25 years ago (May 6 and May 13, 1992 editions)
• Eight candidates vied for the 1992 Princess Windsor title. Andrea McAllister was crowned. The First Lady in Waiting was Erin Niedermayer and Second Lady in Waiting was Kristen Rogers.
• Phony U.S.$50 bills were being circulated in Nova Scotia, with one counterfeit bill being discovered by a bank in Windsor.
• East Hants MLA Jack Hawkins, who was first elected in 1970, resigned from the Liberal caucus after refusing to withdraw a resolution that saluted the province's British heritage. All three parties labeled the resolution racist as it referred to “some heretics in government that are willing to betray our great heritage and surrender our culture to alien debasement.”
• The official opening of the 35-bed extension at Dykeland Lodge took place May 11.
• The 106 Windsor Regional Air Cadet Squadron held its 50th inspection.
• T-shirt sales were a lucrative business for East Hants residents following the discovery of a mastodon skeleton in Milford.
• Downtown Windsor merchants teamed up with the RCMP to create a new program that would make it easier for police to respond to calls after business hours.
The effort, called Project Security, resulted in a map containing the security information for the 105 businesses.
As Windsor was considered a training detachment for young police officers, the RCMP sergeant said having that information will come in handy when they respond to alarms and “prowler incidents.”
• Brooklyn softball player Trevor McCabe was named runner up for the 1992 Moosehead Male Amateur Sport Athlete of the Year Award.
• Thirteen-year-old Josh Dill was one of 16 elite hockey players selected for the Nova Scotia Young Citadels hockey club. The team was travelling to Montreal May 20 to compete in an international AAA hockey tournament.
• Brandon Benedict, of Avondale, was selected to play for the provincial Atom AAA hockey team in a tournament in Montreal. He was the only novice age child in Nova Scotia to make the atom team.
• David and John Edgecombe, of Windsor's Edgecombe Sports, beat out 100 other nominees to win the Sport Nova Scotia 1992 Community Sponsor Award for their support of ski programs throughout the Atlantic Provinces.
• A story on diabetes being a serious disease in Hants County appeared on the front page of the paper, noting that 1,200 Hants County residents had it.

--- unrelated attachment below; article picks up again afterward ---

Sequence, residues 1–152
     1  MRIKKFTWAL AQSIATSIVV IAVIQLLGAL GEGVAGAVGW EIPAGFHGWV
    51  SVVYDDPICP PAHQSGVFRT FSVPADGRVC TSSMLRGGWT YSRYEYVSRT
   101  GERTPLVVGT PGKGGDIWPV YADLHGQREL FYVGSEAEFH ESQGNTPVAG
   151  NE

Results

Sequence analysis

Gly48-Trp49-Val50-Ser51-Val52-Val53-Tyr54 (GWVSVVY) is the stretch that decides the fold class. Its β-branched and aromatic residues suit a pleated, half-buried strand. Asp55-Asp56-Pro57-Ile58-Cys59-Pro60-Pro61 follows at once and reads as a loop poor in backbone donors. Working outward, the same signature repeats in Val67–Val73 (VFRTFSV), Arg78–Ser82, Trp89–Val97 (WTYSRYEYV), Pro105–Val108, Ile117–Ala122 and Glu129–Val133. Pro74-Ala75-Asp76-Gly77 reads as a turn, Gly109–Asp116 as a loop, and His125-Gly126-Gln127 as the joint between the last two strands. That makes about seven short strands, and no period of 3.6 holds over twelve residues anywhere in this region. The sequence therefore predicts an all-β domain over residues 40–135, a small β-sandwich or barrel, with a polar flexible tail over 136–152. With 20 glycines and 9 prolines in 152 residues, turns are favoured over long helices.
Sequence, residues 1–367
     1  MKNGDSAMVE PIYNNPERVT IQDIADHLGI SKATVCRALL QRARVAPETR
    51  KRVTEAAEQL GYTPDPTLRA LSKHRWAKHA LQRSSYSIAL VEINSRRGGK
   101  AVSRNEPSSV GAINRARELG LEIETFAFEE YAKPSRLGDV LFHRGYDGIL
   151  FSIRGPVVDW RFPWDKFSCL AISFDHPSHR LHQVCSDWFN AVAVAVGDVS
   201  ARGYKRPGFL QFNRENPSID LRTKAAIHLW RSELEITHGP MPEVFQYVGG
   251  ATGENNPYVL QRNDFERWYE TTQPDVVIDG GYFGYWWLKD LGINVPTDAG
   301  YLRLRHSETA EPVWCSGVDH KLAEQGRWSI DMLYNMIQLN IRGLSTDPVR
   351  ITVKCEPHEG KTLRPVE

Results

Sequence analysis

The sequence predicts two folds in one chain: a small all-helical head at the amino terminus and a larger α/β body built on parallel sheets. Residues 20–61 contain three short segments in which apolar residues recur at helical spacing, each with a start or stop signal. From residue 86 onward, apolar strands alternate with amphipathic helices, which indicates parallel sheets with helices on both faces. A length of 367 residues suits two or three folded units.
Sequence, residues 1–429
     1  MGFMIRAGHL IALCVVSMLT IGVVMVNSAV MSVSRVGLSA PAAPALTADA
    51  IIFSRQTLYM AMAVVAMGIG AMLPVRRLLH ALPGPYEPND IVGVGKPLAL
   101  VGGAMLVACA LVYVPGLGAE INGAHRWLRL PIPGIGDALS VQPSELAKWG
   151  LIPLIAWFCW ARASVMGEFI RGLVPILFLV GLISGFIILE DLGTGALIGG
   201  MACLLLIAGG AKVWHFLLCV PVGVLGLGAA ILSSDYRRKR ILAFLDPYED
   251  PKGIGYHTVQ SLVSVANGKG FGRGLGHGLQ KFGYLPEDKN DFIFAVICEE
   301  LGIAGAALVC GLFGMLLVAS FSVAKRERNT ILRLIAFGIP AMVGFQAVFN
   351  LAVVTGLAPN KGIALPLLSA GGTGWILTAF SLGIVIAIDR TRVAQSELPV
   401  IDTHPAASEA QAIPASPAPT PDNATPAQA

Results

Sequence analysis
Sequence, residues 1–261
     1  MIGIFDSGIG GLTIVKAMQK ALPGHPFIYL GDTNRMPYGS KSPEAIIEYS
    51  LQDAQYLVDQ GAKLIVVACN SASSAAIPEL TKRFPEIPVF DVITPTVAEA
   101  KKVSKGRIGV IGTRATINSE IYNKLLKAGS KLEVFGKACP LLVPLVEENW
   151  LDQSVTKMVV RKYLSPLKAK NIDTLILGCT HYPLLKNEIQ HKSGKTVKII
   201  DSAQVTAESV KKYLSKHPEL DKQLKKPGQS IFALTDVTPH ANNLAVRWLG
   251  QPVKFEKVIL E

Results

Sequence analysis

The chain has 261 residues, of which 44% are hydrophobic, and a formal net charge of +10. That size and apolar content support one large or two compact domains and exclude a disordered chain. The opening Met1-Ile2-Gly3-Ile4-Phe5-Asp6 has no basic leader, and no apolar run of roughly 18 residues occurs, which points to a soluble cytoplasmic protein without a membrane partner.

• The Windsor United Church Choir won two gold standards at the Kings County Music Festival and were recommended for a provincial choral competition.
50 years ago (May 10 and May 17, 1967 editions)
• Patricia Anne Ward, 19, of Three Mile Plains, was selected as Princess Windsor.
• The home of Mrs. Terrance Anthony, of West Gore, was destroyed by fire. The cause was an overheated stove. Due to how quickly the fire spread, personal belongings could not be saved.
• Sixteen-year-old Suzanne Hood, a Grade 11 Windsor Regional High School student, was selected by the Windsor Rotary Club to represent Hants County at the Adventure in Citizenship event in Ottawa.
• Thriftie Credit Union Ltd., of the Kempt Shore area, held its 25th anniversary.
• About 160 workers at the Canadian Keyes Fibre Ltd. plant in Hantsport were still on strike.
• The Nova Scotia Housing Commission was instructed to carry out a survey to determine the need and demand of low-income housing in Windsor.
• Bruce Caldwell, of the Hantsport Boy Scouts, was selected to participate in the Scout Exchange Program and would spend the summer in British Columbia. Danny Creaser was selected to attend the World Scout Jamboree in Idaho.
• Peter Whalen, Horton district, Jerry Whittleton, of Nine Mile River, Kathy Cochrane, of Gypsum Mines, and Elenora Balser, of Kingston, were selected to represent Nova Scotia as Canadian Red Cross Youth at the organization's centennial.
• R. E. (Bud) Kimball, of Windsor, was appointed as a judge of the Provincial Magistrate's Court. His appointment brought the number of provincial magistrates in the province to 14.